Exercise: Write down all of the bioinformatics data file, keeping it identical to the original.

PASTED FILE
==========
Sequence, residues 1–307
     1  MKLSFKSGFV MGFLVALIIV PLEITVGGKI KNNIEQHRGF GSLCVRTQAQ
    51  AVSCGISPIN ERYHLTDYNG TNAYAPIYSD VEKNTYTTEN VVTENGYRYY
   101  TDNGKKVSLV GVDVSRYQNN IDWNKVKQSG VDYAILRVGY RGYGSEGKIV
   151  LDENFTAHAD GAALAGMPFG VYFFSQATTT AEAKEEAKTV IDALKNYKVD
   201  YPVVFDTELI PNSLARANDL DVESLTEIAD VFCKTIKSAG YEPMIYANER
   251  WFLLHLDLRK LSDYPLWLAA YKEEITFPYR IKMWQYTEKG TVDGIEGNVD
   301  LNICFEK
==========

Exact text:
Sequence, residues 1–307
     1  MKLSFKSGFV MGFLVALIIV PLEITVGGKI KNNIEQHRGF GSLCVRTQAQ
    51  AVSCGISPIN ERYHLTDYNG TNAYAPIYSD VEKNTYTTEN VVTENGYRYY
   101  TDNGKKVSLV GVDVSRYQNN IDWNKVKQSG VDYAILRVGY RGYGSEGKIV
   151  LDENFTAHAD GAALAGMPFG VYFFSQATTT AEAKEEAKTV IDALKNYKVD
   201  YPVVFDTELI PNSLARANDL DVESLTEIAD VFCKTIKSAG YEPMIYANER
   251  WFLLHLDLRK LSDYPLWLAA YKEEITFPYR IKMWQYTEKG TVDGIEGNVD
   301  LNICFEK